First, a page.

Freshman year of college is a difficult transition. For most students, it’s their first time living without their parents; it’s a shock to suddenly be responsible for every facet of their life. You suffer all the consequences of your actions.
Some universities exacerbate this problem through freshman hazing or a lack of resources offered to help freshmen transition. BYU, on the other hand, does a great job of providing freshmen with the resources to succeed.
But no matter how many resources BYU provides, the transition to college is stressful. There is stress to be successful in classes, about money, relationships (or lack thereof), from difficult roommates and ever-present lack of sleep.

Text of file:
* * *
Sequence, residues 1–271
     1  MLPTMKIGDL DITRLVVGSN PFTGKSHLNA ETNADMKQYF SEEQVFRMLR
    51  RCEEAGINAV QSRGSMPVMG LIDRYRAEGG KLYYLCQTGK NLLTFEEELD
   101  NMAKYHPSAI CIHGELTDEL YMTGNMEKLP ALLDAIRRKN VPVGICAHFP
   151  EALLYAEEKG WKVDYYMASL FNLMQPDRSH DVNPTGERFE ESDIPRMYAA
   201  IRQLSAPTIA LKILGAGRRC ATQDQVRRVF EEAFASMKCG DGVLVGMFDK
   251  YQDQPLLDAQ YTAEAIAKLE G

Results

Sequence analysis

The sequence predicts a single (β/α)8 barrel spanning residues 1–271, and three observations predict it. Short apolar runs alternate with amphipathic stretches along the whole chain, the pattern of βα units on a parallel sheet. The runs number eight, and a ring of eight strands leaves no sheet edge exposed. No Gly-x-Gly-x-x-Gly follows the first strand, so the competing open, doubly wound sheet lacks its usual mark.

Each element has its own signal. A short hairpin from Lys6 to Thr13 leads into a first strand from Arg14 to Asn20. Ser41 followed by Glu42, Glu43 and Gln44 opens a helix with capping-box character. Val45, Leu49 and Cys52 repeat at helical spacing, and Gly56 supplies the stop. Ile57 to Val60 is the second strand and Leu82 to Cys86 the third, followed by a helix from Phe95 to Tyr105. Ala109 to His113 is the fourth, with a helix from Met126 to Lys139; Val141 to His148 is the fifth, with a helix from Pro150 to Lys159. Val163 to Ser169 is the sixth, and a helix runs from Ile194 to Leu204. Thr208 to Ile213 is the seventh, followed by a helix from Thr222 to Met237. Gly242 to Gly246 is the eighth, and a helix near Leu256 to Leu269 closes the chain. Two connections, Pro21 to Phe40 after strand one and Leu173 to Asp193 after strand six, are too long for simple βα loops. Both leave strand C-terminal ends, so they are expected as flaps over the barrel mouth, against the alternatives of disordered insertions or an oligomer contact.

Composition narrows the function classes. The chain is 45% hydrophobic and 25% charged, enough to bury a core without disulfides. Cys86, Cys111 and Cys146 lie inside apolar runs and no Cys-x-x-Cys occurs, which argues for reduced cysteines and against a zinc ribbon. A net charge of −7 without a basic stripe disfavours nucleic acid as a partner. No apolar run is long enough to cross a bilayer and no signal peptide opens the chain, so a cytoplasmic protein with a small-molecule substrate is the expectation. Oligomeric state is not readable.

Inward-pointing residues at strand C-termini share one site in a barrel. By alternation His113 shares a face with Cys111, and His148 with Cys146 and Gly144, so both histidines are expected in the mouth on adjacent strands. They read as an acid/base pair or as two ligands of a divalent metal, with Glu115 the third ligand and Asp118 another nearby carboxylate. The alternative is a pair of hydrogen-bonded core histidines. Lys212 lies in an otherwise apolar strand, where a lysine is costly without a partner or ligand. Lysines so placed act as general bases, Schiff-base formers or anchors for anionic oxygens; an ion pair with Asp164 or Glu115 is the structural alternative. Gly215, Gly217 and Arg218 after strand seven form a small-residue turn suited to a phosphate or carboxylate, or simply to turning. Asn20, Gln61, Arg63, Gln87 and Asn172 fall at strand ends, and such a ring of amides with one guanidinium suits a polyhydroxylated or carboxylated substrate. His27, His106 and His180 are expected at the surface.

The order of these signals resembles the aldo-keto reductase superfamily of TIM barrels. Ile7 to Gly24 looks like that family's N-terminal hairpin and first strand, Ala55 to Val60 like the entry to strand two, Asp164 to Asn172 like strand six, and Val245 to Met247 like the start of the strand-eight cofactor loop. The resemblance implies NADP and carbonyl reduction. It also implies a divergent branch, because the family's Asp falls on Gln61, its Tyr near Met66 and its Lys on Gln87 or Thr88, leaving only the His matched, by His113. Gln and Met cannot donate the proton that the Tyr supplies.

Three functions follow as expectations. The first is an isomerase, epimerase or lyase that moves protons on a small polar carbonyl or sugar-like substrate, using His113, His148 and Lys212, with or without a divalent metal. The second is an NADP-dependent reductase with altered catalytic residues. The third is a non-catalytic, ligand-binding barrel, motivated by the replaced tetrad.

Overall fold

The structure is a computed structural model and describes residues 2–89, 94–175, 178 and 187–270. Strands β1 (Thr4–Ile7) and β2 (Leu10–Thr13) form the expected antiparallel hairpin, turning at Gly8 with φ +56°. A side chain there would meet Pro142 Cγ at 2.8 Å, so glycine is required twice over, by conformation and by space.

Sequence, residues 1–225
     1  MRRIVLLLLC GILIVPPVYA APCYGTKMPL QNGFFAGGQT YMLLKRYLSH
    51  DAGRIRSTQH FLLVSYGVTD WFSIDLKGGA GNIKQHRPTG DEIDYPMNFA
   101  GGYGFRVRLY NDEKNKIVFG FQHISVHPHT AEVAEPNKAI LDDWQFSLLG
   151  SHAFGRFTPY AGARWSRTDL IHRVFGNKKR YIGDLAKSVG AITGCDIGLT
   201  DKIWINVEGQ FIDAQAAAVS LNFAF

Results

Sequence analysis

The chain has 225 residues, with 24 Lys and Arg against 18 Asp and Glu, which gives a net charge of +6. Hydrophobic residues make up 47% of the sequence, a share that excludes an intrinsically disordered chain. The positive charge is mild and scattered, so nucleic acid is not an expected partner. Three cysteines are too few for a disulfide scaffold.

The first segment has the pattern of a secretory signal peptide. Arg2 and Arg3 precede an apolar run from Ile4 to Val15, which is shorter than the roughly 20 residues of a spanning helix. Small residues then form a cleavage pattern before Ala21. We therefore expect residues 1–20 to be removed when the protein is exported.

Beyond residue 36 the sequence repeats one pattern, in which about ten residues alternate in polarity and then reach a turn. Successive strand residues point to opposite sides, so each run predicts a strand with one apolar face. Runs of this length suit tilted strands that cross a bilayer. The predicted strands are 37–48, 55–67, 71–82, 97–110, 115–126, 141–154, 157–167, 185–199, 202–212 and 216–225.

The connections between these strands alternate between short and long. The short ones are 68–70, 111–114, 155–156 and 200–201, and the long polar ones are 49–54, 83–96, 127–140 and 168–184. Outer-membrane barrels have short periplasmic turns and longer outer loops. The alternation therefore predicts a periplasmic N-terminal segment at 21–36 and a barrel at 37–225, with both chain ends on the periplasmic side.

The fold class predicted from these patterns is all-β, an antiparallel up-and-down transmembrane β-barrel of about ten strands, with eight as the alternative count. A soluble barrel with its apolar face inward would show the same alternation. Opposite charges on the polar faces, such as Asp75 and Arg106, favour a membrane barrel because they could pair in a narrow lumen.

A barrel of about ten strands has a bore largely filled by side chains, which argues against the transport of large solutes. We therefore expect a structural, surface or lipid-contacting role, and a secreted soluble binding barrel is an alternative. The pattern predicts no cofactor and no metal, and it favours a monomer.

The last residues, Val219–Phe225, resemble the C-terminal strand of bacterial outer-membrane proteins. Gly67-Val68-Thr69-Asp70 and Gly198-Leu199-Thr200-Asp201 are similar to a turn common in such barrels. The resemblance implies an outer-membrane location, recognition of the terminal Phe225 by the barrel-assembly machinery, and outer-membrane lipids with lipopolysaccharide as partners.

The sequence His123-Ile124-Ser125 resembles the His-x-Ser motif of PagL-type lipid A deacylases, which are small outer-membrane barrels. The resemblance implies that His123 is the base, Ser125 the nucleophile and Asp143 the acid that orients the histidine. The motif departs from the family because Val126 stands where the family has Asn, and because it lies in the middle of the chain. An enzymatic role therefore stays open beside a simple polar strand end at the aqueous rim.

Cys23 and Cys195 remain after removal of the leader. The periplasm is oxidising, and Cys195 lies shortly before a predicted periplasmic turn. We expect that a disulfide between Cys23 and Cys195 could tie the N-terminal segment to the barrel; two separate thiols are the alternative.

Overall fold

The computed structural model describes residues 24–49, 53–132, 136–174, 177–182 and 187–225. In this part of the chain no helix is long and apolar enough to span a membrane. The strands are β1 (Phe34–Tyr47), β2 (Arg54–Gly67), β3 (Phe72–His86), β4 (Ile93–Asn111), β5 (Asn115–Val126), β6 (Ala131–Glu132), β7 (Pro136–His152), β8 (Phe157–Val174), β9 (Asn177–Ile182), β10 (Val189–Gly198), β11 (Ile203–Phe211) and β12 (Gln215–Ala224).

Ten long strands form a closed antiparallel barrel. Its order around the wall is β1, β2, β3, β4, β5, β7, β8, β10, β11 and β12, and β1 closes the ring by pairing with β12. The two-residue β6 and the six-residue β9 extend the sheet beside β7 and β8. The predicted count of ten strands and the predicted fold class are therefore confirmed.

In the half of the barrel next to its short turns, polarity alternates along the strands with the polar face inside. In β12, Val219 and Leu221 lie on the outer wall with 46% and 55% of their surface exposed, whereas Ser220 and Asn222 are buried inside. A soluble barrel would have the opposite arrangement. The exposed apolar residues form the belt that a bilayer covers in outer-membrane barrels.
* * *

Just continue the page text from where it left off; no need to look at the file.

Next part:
On top of all of this, students are repeatedly told to “get involved.” Every devotional, freshman orientation speakers and posters on campus urge students to take advantage of the many clubs, seminars, events and service opportunities BYU offers, and warns them that if they don’t, they will regret it.
Getting involved is absolutely important, but it should not be a stressor. Pleas for students to “get involved” should always be accompanied by the caveat that this doesn’t mean “be involved in so many things you barely have time to breathe” or “if you don’t get involved right away your college experience will be miserable.”
It’s OK to not do everything, and schoolwork should be a higher priority than extracurriculars. If new student orientation and devotional speakers would include this message with their advice to “get involved,” the first few weeks of freshman year could be considerably less stressful.